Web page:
Wednesday, June 18, 2014

#LatencyTipOfTheDay: Average (def): a random number that falls somewhere between the maximum and 1/2 the median. Most often used to ignore reality.

Averages are silly things when it comes to latency. I've yet to meet an application that actually has a use for, or a valid business or technical requirement for an average latency. Short of the ones that are contractually required to produce and report on this silly number, of course. Contracts are good reasons to measure things.

So I often wonder why people measure averages, or require them at all. Let alone use averages as  primary indicators of behavior, and as a primary target for tuning, planning, and monitoring.

My opinion is that this fallacy comes from a natural tendency towards "Latency wishful thinking". We really wish that latency behavior exhibited one of those nice bell curve shapes we learned about in some math class. And if it did, the center (mode) of that bell curve would probably be around where the average number is. And on top of that is where the tooth fairy lives.

Unfortunately, response times and latency distributions practically NEVER look like that. Not even in idle systems. Systems latency distributions are strongly multi-modal, with things we call "tails" or "outliers" or "high percentiles" that fall so many standard deviations away from the average that the Big Bang would happen 17 more times before that result were possible in one of those nice bell curve shapey thingies.

And when the distribution is nothing like a bell curve, the average tends to fall in surprising places.

I commonly see latency and response time data sets where the average is higher than the 99%'ile.

And I commonly see ones where the average is smaller than the median.

And everything in between.

The average can (and will) fall pretty much anywhere in a wide range of allowed values. The math bounding how far the average can go is simple. All you need is to come up with the two most extreme data sets:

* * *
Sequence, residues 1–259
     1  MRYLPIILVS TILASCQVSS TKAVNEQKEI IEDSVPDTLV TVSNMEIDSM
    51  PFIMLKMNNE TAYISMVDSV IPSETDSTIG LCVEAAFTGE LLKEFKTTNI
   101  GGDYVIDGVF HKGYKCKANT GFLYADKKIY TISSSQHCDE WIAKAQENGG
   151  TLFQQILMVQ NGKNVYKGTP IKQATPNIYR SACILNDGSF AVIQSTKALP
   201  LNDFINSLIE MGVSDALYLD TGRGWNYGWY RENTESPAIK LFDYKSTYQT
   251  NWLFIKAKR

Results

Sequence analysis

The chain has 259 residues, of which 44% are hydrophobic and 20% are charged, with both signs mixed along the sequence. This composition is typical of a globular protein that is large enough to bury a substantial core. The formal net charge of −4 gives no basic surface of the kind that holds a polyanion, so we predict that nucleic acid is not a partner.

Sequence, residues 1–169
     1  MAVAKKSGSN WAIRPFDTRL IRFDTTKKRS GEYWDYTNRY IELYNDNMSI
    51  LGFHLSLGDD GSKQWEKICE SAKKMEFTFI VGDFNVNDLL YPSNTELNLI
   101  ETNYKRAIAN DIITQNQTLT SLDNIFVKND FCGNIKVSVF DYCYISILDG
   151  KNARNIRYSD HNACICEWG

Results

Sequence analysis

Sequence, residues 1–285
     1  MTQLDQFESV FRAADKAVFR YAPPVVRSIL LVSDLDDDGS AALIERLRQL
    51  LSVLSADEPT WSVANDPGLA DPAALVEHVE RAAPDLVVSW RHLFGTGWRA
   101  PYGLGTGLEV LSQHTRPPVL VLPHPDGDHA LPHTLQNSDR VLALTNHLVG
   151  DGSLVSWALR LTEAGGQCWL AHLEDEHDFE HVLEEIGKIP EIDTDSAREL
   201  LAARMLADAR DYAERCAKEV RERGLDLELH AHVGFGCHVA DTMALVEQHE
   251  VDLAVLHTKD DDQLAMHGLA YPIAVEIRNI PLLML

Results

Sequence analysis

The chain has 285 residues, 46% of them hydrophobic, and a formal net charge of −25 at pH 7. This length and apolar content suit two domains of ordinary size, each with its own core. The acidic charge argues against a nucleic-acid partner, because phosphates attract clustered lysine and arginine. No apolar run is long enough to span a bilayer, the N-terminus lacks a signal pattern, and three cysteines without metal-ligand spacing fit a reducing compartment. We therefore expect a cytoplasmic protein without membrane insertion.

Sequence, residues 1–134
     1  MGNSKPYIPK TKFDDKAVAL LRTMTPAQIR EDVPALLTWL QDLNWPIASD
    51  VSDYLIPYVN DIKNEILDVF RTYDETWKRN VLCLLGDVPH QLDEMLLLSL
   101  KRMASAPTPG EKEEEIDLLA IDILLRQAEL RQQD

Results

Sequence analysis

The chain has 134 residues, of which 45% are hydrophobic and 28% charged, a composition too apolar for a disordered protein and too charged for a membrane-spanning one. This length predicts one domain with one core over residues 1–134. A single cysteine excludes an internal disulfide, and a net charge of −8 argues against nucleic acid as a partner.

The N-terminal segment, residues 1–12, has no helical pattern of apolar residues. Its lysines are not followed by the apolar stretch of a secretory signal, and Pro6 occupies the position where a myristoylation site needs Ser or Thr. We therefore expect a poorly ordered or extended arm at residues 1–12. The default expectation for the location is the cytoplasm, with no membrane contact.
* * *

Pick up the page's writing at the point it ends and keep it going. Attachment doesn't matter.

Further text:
A) The biggest possible Average is equal to Max.

This one is trivial. If all results are the same, the average is equal to the Max.  It's also clearly the highest value it could be. QED.

B) The smallest possible Average  is equal to (Median / 2).

By definition, half of the data points are equal to or larger than the median. So the smallest possible contribution the results above the median can have towards the average would be if they were all equal to the median. As to the other half, the smallest possible contribution the results below the median could have towards the average is 0, which would happen if they are all 0. So the smallest possible average would occur when half the results are 0 and the other half is exactly equal to the Median, leading to Average = (Median / 2). QED.

Bottom line: The average is a random number that falls somewhere between Median/2 and Max.


  1. I can see one use case for measuring (and optimizing for) the average.

    This is when you have only one customer, which is a batch job, which always issues the next request just after the previous one was answered. For this customer only the total time spent is relevant.
    For fairness, we divide it by the number of requests. This is the average.

    1. If only total time is relevant, than the only relevant metric is the total time.

      You can also divide that total time spent by the constant 17. That would be just as "fair", and just as meaningful ;-)